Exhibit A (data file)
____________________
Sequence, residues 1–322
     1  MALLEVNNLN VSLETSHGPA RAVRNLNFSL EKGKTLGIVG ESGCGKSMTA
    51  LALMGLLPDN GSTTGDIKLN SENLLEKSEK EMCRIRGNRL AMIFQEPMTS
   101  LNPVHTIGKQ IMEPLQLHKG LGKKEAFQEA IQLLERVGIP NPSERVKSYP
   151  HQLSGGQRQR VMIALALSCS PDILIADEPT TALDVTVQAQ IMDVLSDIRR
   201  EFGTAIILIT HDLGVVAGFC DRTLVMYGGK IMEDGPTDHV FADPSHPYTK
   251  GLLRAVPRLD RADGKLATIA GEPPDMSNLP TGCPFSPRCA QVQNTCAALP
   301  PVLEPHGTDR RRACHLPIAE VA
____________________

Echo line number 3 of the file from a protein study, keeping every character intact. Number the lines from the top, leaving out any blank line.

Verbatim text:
    51  LALMGLLPDN GSTTGDIKLN SENLLEKSEK EMCRIRGNRL AMIFQEPMTS